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Photo by Maxim J (maximpj; Flickr CC)
Marx and Engels
Marx and Engels
I know, I know – you're angry. I can feel your vibrating fury radiating through the wireless. There is a hole in your newsfeed because I have not been keeping you abreast of the adventures of Transport Minister Peter Ramsauer. And who can blame you? He's a man who is not bound by his remit. Who among us can say the same?
Not only does he play the piano but he, you know, deals with transport issues and stuff. But that's not all. Cabinet meetings are said to be frequently punctuated by the silver fox's raffish, off-the-cuff humour and uproarious impressions of the Skeksis from The Dark Crystal.
Anyway, he has now angered some Berliners by suggesting that we move the statue of Karl Marx and Friedrich Engels from the centre of the city.
Now you've gone too far, Ramsi, you meddling Bavarian. I happen to love this statue, and not because I'm a communist, which I'm not. I love many statues in the centre of Berlin. I have a particular fondness for the Gothic action scene featuring the mounted St. George fighting a dragon in the Nikolaiviertel. I love this one for all its naturalistic details – the veins on the terrified horse's belly and the scales on the reptile's back. What I especially like is that it captures a moment when George is not yet winning (despite the look of implacable murder on the saint's face), which makes it very tense.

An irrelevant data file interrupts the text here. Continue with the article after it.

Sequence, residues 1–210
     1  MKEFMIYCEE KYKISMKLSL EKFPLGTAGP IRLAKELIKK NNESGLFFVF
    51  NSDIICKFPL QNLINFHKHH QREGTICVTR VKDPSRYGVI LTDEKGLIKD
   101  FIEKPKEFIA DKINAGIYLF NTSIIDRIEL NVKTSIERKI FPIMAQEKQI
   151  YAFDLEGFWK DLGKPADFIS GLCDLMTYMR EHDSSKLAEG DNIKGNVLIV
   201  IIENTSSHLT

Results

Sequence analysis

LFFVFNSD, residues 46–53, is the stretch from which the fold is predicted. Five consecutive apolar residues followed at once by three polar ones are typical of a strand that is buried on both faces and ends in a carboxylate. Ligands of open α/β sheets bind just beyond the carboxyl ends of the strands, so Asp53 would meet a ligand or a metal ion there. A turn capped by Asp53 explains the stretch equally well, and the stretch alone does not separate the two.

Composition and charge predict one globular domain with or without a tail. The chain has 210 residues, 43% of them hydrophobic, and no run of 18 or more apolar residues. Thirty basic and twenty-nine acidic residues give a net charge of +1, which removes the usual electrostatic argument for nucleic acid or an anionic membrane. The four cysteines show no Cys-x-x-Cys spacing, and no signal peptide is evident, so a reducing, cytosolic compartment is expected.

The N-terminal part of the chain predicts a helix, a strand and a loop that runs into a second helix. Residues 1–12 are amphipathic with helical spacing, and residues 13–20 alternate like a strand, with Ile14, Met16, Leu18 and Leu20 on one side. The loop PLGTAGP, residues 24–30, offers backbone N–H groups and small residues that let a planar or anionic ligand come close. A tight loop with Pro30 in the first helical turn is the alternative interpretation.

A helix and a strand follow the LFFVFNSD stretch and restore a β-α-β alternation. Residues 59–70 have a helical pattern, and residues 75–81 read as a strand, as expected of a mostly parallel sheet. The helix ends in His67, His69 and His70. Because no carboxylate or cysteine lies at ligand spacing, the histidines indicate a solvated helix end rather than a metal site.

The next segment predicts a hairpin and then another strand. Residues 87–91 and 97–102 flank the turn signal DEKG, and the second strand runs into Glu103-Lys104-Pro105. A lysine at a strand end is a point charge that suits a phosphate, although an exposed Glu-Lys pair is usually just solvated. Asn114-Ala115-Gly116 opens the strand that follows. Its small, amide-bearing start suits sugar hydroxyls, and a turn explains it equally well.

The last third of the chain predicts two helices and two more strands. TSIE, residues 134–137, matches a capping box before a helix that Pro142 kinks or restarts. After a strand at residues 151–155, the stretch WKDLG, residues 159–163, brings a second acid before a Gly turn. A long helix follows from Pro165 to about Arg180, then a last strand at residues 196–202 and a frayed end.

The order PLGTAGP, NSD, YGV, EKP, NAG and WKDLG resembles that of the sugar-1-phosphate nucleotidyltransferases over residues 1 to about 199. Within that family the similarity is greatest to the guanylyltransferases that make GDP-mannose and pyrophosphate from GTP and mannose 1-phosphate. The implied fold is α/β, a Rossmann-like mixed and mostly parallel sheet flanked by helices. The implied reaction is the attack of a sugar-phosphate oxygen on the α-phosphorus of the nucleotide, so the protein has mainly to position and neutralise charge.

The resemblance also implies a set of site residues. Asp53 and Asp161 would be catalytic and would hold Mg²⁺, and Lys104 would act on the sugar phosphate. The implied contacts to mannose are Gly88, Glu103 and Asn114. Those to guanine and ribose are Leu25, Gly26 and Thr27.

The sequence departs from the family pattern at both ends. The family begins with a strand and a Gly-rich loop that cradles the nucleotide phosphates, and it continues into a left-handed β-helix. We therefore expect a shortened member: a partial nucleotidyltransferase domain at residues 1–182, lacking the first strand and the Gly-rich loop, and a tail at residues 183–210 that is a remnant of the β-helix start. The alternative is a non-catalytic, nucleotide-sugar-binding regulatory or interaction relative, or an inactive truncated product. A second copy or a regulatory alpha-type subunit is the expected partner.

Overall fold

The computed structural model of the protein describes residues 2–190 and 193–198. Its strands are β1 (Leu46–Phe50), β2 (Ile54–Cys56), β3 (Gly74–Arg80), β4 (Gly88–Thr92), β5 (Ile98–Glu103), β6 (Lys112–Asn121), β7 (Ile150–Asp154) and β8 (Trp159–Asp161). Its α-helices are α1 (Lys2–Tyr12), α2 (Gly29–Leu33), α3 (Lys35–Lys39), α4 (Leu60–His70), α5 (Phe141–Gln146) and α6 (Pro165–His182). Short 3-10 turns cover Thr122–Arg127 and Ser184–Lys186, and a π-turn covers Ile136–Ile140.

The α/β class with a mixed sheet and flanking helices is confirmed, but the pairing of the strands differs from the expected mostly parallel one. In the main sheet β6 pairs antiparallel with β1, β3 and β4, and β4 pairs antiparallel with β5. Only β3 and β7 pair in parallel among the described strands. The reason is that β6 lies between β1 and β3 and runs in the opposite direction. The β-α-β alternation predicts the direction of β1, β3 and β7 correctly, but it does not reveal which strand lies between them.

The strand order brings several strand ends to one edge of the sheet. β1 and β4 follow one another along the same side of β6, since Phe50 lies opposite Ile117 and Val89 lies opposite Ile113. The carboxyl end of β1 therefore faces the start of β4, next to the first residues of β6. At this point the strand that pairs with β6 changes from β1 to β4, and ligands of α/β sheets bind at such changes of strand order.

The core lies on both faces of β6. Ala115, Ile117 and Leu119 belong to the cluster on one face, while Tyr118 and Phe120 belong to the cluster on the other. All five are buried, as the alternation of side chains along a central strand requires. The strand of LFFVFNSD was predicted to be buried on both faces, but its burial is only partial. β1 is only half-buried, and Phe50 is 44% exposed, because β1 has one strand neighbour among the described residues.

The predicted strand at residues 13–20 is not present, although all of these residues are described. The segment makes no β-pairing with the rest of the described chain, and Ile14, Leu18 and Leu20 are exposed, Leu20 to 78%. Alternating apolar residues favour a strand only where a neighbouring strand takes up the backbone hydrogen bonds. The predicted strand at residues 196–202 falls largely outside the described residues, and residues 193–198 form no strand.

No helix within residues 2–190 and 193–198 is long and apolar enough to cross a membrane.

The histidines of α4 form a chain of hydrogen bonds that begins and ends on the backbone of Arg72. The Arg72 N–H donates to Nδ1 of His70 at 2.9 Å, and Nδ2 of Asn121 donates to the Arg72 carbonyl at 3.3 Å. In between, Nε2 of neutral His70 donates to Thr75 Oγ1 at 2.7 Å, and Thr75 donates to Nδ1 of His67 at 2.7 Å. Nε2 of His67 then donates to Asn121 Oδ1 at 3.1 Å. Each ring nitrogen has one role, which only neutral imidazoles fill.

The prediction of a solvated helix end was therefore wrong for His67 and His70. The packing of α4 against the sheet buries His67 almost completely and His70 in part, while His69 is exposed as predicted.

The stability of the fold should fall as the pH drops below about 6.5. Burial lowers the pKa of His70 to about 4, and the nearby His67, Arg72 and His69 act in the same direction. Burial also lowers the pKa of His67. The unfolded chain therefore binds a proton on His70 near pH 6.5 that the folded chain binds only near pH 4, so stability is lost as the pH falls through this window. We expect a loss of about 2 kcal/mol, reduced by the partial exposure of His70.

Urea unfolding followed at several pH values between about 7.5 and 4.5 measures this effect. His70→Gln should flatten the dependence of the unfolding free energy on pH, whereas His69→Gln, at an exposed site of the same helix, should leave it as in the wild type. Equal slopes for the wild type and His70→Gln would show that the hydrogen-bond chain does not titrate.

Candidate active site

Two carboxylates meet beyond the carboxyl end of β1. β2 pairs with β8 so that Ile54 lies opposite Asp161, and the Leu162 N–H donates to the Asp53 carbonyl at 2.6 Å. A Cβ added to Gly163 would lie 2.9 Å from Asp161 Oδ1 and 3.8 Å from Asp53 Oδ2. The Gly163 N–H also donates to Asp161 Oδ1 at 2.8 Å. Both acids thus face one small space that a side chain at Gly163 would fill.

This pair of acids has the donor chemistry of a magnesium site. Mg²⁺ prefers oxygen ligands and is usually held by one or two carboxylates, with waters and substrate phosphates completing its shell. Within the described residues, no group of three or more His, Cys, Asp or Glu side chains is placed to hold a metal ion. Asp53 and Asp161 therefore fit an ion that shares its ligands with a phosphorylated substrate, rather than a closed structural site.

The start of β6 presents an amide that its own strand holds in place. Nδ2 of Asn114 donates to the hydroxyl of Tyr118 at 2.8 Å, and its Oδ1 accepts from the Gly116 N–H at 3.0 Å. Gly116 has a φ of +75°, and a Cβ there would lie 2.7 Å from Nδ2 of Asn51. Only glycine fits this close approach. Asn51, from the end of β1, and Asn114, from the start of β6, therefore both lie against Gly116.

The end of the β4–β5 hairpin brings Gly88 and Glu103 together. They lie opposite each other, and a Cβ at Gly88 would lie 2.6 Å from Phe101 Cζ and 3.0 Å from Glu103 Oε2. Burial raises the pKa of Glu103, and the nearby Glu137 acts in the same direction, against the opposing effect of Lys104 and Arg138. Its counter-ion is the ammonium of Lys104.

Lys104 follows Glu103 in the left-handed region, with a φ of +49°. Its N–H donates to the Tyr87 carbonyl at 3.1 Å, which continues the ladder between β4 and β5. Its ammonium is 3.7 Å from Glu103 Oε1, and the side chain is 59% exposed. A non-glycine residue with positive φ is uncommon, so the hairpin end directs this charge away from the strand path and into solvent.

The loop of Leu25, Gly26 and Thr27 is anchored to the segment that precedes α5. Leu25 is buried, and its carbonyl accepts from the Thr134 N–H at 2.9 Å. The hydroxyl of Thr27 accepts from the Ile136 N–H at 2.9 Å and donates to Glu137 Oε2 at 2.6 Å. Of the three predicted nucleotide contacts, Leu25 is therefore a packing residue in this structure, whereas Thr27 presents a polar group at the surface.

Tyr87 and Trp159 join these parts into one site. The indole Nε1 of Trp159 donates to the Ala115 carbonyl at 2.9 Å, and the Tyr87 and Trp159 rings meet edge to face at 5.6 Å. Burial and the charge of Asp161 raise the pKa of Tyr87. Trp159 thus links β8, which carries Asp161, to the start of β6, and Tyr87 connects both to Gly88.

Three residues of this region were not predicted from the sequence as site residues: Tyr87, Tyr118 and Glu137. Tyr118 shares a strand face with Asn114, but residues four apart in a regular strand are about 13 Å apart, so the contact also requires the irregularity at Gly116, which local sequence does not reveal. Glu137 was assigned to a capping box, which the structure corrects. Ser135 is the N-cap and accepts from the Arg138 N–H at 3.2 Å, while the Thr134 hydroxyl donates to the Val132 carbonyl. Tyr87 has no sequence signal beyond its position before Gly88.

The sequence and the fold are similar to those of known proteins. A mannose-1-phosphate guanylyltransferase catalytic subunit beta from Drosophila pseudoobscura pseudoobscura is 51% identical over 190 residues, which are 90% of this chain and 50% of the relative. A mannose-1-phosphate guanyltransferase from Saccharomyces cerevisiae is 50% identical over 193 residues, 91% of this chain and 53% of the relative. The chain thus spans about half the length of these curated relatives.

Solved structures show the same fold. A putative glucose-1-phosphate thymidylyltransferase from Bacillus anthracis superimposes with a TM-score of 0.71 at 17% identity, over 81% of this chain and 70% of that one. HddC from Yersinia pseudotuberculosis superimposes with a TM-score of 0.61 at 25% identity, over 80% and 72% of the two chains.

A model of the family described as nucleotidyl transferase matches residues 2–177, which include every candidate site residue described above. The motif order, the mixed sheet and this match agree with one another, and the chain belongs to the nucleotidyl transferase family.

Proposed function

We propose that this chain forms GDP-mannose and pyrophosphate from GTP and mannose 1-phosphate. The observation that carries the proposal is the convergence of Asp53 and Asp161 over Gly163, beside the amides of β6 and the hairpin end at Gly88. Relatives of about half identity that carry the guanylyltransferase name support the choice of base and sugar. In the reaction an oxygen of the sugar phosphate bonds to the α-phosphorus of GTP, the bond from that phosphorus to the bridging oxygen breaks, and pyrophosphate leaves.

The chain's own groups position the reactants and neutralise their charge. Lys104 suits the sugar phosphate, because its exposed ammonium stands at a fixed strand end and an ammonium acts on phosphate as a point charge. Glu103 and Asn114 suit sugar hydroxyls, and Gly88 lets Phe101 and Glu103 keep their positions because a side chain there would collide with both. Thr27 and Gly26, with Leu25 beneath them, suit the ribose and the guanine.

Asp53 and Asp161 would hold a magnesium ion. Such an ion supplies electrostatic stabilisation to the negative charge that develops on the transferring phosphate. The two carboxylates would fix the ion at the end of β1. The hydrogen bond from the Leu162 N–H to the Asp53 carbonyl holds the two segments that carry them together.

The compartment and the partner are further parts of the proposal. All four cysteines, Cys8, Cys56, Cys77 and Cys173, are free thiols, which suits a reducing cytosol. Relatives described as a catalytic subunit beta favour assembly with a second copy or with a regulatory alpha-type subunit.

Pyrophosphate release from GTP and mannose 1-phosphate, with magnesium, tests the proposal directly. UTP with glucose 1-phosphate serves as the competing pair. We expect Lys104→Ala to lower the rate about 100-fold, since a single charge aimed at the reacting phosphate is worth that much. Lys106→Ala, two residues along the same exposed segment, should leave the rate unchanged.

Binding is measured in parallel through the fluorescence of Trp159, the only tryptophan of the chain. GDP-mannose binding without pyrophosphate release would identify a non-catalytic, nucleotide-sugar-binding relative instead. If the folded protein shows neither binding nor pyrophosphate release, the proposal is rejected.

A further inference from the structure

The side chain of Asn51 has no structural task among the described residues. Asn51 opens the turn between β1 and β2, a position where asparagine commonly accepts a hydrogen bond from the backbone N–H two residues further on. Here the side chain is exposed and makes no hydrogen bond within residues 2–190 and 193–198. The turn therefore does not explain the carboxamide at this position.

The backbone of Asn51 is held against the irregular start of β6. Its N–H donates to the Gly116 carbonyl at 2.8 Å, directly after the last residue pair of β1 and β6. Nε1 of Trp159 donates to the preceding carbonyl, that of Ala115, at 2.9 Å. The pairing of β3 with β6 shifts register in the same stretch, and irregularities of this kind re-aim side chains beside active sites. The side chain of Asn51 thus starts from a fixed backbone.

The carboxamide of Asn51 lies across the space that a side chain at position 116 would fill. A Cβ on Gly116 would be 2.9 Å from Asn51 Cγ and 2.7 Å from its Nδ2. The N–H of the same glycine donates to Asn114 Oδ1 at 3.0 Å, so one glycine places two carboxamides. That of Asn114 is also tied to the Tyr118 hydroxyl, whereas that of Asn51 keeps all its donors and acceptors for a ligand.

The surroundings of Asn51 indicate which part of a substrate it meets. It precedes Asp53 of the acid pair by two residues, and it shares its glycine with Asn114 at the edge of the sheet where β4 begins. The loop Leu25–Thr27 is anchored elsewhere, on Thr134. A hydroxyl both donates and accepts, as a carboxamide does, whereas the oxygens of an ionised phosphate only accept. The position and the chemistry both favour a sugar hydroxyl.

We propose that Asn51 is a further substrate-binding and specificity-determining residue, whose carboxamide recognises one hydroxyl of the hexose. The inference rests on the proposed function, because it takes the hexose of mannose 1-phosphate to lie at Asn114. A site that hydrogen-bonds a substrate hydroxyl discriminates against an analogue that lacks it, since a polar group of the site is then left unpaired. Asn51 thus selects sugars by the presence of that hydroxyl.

But the Marx/Engels one is very different. The old ideological pair are also implacable, saintly even, but they stand still and solid, gazing sternly across their Marx-Engels Forum. They are not naturalistic – slightly stylised, fattened and smooth. But that doesn't mean there aren't life-like details: Marx's nose looks distinctly blocked, which the real Marx's often were, thanks to all the mucus-inducing cigars he smoked and the respiratory problems that afflicted him.
But this statue also echoes its 1980s origins – the combination of the serenity and the fixed, stiff positions they have adopted (one seated, one standing), always reminded me very much of 1980s pop legends the Pet Shop Boys, who didn't mind a bit of communist imagery themselves.
I'm sorry Ramsi, you and me are on different sides now.